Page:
Alberto e Leda sent me an article on Tori that appeared in the April 23, 1998 issue of the Italian magazine 'Musica'.
Here's the article that appeared in the Italian magazine 'Musica' on April 23. There are two pictures. One is already on the Dent, the other is a close-up I haven't seen anywhere yet, but I'm sure it will turn up soon in some US magazine. I cut bits of the article where the author was just going on and on about stuff that doesn't really seem to have much to do with Tori. Even where she speaks it doesn't sound like Tori too much, I suspect what she said was loosely translated into Italian. The wrong quote from Spark is a good example of how messy this article is. Anyway, here it is.
Tori Amos - Story of a Wound
By Enrico Sisti
She got married, but she lost her baby. Myra Ellen Amos, 36 years old, American but not completely, tells us about the pain that made her new album possible
London Waiting, for her, is always unnerving. Between one album and the next, between one tour and the next, Tori eats the arm-rests of chairs, getting to the heart of wood that every chair hides more or less well. Tori opens and closes the drawers of her past as if it's the only thing she really cares about. [the author goes on in this style until he mentions old tapes that Tori finds in strange places, with this quote: once I listened to an old tape of mine and I was surprised by the songs I had recorded just for fun. I must have been 18, maybe younger. Then at the end there was the ending of a Thin Lizzy song, a group I used to like a lot. I like them less now.]
Tori has thousands of trapdoors, She speaks with inanimated objects, saying it's what stimulates her most. She does not accept the conventional art of communication. So she doesn't speak of marriage, even though she just got married. Before this record, in fact, there was a little event. A crazy change of which Tori really doesn't like speaking: she got married to Mark Hawley, and before that she miscarried. But that didn't affect my artistic life. She says this almost immediately, through her teeth, but she repeats it more than once. As if really it did count very much. In fact Spark, the first single off the new album, clearly refers to the painful event that forced her to lose the baby, speaking of herself in rather cinical terms: [here they have the verse of Spark translated incorrectly in Italian, saying: she moves like a glacier/ but she couldn't keep baby alive]. The meaning of her last record, from the choirgirl hotel, is in the alternation of courage and a sense of defeat, the latter well explained in songs like Cruel and iiee. A record that makes me laugh, but that was born as a band-aid. As for the style, with this band-aid, and not really for the first time, Tori confronts her Western world, that strange cultural centrality we think we've deserved only because Bach was born in Germany and the Beatles in England. But our vision is short-sighted. We think in terms of decades, but we should think in terms of thousands of years. On the record Tori unravels subjects with the usual ability, softening when the subject is thorny, roaring when she walks down more common roads, that everyone sooner or later walks down. But most of the ideas this time come from geographically distant lands. Tori lets her piano dialogue with rhythms that seem almost to contradict it, to neutralize its effects, sweet and dreamy with a good amount of tribal sounds. It is the world that advises us to doubt everything that we are. It's better to not waste time by convincing ourselves that we've found the Way. Tori starts from the music and ends up somewhere else. Traditional guidelines are too narrow for her. I remember having a nervous passion for music, a wrong way to dedicate myself to art. I played but I felt the weight of duty, never the lightness of pleasure. Tori comes >from a family immersed in puritanism. I couldn't even masturbate in peace: God was my worst enemy. Every natural feeling was frustrated. The hand of censorship, with time, freed the hand on the keys. But I'm still instinctive, always too explosive. Even the process of recording has become a bother, so the new album was recorded with a strange technique: in one room Tori on the piano, in another her drummer, Matt Chamberlain. For the whole time the two of them communicated through a monitor, they could see each other, but they had to work in separate spaces, almost disinfected: This technique might seem like an excessive search for virtuosity. Instead the contact was immediate. Much more so than if we had done things the usual way.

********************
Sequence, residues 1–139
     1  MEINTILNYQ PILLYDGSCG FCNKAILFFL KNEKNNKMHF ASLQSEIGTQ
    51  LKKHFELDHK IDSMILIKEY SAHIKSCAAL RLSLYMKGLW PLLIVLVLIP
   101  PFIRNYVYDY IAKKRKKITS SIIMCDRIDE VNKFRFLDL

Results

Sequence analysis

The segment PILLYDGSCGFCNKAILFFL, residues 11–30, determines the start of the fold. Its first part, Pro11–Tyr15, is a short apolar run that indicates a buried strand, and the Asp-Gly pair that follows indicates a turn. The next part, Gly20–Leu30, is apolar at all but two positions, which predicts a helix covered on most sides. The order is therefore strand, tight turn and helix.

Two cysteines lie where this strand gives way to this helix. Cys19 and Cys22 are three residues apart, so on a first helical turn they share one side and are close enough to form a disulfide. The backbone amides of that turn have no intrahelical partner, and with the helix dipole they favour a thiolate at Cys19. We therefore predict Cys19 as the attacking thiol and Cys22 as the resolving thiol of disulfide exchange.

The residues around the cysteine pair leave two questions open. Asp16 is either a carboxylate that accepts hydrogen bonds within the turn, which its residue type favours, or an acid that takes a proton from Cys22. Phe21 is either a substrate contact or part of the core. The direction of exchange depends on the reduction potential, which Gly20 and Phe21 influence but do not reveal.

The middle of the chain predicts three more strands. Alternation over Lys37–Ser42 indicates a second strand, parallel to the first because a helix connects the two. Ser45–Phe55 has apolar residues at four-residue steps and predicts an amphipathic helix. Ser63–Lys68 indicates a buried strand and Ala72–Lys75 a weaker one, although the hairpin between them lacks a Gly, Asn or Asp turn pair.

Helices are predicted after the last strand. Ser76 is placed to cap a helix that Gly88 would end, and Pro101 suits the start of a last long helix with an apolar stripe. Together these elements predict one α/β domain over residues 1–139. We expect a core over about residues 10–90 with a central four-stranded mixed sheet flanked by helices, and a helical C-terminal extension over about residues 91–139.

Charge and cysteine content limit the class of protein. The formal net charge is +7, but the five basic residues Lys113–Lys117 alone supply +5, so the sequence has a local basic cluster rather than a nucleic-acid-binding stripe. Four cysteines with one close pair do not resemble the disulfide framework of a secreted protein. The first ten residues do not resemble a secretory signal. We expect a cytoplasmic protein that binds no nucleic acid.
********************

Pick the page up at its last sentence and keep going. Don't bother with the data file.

The article goes on about the Tower Records Merman offer, and mentions her Letterman appearance, the club tour, and the European tour.
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